Women were on the front lines of the civil rights movement — everyone knows how Rosa Parks sat down on that bus. And yet, their roles as leaders and organizers have been less visible. Newspaper headlines at the time identified Parks as a seamstress, as if she were a mere bystander who just got fed up that day. In fact, she had been an organizer in the movement long before her act of defiance. Like Parks, many women at the time were deeply engaged in on-the-ground organizing, but not recognized as leaders by the movement or by history.
One of the biggest triumphs of director Ava DuVernay’s Selma is how she reverses that erasure: Her film, which centers on the march Martin Luther King Jr. led from Selma to Montgomery, Alabama, in 1964, has women in nearly every frame. There’s Carmen Ejogo’s Coretta Scott King, of course. But, also on the front lines are Oprah Winfrey’s Annie Lee Cooper and Lorraine Toussaint’s Amelia Boynton. They suffer blows from the police onscreen. They are participants in scenes of organization and discussion. In other words, their presence is felt.
The film’s first casualties are four little girls, the victims of the 16th Street Baptist Church bombing in Birmingham. The opening scene, like an impatient mother, hurries them down the stairs. The flights are short and circular, and the effect is dizzying. All the while, you know what is going to happen (whether you remember the history or just feel the building tension), and as you dread it, they chatter about girl things. The film doesn’t tell you their names — Addie Mae Collins, Cynthia Wesley, Carole Robertson, and Denise McNair — before the explosion comes.
The lingering horror of that sequence is the best example of what’s good about Selma. It is a film that takes awfully familiar things and shows them to you from a different vantage point. The events of the film are freighted with historical consequence. They elicit the sort of deep emotion that only a trauma imposed by the brute force of an entire country can stir up. DuVernay is up to the task, throughout, of giving life to this story in unusual ways, of keeping your head from turning away from the violence. She has an able partner in that in David Oyelowo, the British actor who plays Martin Luther King himself, whose agonized performance manages to be subtle even when he’s blustering at the podium. He will get a lot of deserved plaudits for that.
DuVernay gets the credit for taking a story that could have been told from the perspective of powerful men — MLK, or LBJ in the White House — and focusing it on men and women on the streets. She came to the project late. The original script, for a film about the marches in Selma, had evidently been circulating for some time. In its first incarnation, written by a British man named Peter Webb, the locus of the action was apparently the White House. DuVernay changed that. “[A]s the daughter of a man from Montgomery, I was interested in the people on the ground,” she told Deadline Hollywood. “It was important to me that the script viewed that energy of the people, so that was my focus.”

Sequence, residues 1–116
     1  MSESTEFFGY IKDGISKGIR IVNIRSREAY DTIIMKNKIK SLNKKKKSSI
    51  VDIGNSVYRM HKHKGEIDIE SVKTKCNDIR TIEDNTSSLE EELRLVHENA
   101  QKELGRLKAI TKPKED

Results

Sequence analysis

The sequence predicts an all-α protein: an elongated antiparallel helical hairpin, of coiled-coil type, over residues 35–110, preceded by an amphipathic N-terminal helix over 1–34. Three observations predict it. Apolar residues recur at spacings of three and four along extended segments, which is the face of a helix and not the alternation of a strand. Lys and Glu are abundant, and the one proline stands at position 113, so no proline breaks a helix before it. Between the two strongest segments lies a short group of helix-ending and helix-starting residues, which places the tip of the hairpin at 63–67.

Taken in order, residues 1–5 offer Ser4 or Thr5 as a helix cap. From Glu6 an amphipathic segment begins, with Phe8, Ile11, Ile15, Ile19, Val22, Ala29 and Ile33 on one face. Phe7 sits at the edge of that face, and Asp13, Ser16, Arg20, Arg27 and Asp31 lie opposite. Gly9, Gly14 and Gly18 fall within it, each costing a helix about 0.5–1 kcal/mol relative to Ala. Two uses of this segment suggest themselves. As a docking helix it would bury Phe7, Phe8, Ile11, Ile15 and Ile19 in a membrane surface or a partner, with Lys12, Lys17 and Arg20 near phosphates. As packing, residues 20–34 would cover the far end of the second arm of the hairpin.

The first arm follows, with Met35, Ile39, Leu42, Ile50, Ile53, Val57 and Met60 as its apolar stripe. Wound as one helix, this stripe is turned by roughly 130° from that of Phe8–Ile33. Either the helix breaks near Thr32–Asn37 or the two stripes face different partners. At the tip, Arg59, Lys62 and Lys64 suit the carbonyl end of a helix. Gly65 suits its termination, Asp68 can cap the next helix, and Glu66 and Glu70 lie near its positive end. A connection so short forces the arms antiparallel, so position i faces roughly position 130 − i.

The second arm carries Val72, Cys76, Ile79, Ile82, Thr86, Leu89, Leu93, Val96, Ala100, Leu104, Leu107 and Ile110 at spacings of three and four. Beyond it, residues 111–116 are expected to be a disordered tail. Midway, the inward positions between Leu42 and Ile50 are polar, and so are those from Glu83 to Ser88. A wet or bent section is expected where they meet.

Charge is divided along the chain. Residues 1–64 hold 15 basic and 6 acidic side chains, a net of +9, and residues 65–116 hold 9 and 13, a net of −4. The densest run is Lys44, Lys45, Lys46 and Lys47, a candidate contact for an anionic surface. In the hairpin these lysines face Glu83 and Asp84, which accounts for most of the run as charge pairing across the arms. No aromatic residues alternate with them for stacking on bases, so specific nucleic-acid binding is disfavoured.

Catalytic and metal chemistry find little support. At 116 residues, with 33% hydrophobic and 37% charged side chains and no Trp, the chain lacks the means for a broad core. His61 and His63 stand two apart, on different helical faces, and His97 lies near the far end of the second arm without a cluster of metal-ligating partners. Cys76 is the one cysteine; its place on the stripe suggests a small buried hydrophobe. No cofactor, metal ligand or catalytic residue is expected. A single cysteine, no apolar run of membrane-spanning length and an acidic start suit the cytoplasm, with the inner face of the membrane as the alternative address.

Most of the women in the film do not have many lines. The exception is Ejogo’s Coretta. By way of that character, DuVernay seems to be hinting at how much work there is left to do on the position of women in the movement. Coretta is a dilemma of a person: She is both her own woman and a key figure in the movement, but also one who gets sidelined by her husband. As the film shows her, she spent much of King's time in Selma at the other end of the phone. She is angry with him, but poised, beautiful, and calm at the same time. She is the home that he is only half committed to.
One reason for that half commitment was, of course, King’s philandering. The movie addresses this but dithers over it. We’re never shown King cheating; we’re only told about it. And DuVernay’s script suggests that much of the rumors were trumped up by the FBI in an effort to discredit King. That’s in large part true, but it’s not the whole of it. In some ways, that perspective mirrors how Coretta herself treated the subject. As late as 1993, she would insist to the press that she did not know anything of King’s infidelities. And yet, by then, King biographers and historians had uncovered the truth, what one of his aides, Ralph Abernathy, called his “weakness for women.”
Coretta's role in these events was sometimes open to interpretation. She was important to the movement, but her importance often took subtle forms. As the movie shows you, for example, she met Malcolm X in Selma, and heard from him that he had come because he hoped that if “the white people understood what the alternative was, that they would be more inclined to listen to your husband.” It was not quite the orchestrated summit encounter the movie chooses to depict, though. Instead of a hushed meeting over a church altar, her connection with Malcolm occurred as he leaned over to her at a speaking event, as Coretta recalled it in 1988. The encounter was brief, but it came only weeks before he was assassinated. And, she was so struck by it, she said later to an oral historian that when Malcolm died, she “had this pain almost like, this feeling in my chest, a feeling of depression, and, ah, just feeling as if, ah, I had lost someone very dear to me.”
The contrast between the brevity of the encounter and the weight it took on for Coretta tells you something about how rich the stakes were at the time of the Selma march. For every person who attended — not just the ostensible “leaders,” but the others, too — every little step, every bit of kindness and solidarity was momentous.